The prime minister further advised Parliament that, with respect to the cancelling of Wayne Chen's visa, "the United States authorities have advised the foreign minister that there is no connection [to the extradition matter], and we have no reason to question the honesty of the statement conveyed by the US authorities to the foreign minister". Like constitutional rights, honesty does not begin at Liguanea.

A major obstacle to rational discourse in Jamaica is our pervasive inability - or unwillingness - to separate issues. The immediate issue at hand is the lawfulness of the Coke extradition. Other issues, related but better dealt with separately, are the reduction of crime and corruption and the dismantling of political garrisons to which the Jamaica Labour Party pledged itself in the campaign for state power which it now has.


As I advised the distressed questioning reporter/producer last week, and will advise my readers today, the fundamentals involved in the lawful settling of the Coke extradition case are constitutional rights versus treaty obligations. The Government's first responsibility is to protect the constitutional rights of all citizens. If the United States Government (the lion) is not prepared to replace law with muscle, and the Jamaican Government (the mouse) is not prepared to either sell out the rights of its citizens or breach treaty obligations, then surely a settlement of the issue can be found which satisfies the rule of law to which both countries are committed. And the United States has no basis on which to lecture Jamaica over rule of law breaches.

Procedural knots in the Coke extradition case, which seem to be the main problem, can be untangled. Member of the Cabinet, Minister Pearnel Charles, has said on TV that the man will be sent when the legal concerns of the Government with the extradition request have been resolved. Getting the suspect to court with proper adherence to procedure and the rule of law is now of first priority.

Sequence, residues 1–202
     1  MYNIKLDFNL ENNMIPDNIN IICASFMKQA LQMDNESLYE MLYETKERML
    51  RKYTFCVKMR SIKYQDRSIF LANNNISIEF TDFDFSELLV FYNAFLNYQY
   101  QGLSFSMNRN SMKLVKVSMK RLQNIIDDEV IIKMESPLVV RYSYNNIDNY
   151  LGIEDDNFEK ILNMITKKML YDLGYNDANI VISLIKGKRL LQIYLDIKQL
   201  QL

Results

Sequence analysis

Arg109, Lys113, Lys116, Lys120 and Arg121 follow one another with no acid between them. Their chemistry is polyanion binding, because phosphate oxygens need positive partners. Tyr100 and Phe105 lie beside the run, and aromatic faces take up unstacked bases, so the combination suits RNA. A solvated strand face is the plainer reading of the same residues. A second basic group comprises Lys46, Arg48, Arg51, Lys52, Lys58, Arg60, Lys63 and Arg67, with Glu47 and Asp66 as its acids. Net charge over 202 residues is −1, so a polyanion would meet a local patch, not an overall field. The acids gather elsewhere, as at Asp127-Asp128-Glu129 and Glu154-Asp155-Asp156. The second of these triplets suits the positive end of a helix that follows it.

The organisation of urban communities into political garrisons, an undertaking at which the PNP has bested the ruling JLP 5:1, has contributed greatly to the crime and corruption described in the INCSR "as a significant threat to social stability in Jamaica" and documented in numerous reports of our own. The removal of community leaders/dons will not produce de-garrisonisation. Others will simply arise to carry on.

The INCSR says the "high-profile Jamaican crime lord" of interest to the United States government reportedly has ties to the ruling Jamaica Labour Party, and "resides in and essentially controls the Kingston neighbourhood known as Tivoli Gardens, a key constituency for the Jamaica Labour Party". The absence of any domestic interest on the part of the Jamaican authorities in the profile presented by the INCSR is a matter of both amazement and alarm.

The current dilemma faced by Prime Minister Golding at constituency, national and international levels, and by the Government in general, provides an extraordinary opportunity and stimulus, a watershed moment, to change the system - as promised.

Martin Henry is a communications consultant. Feedback may be sent to or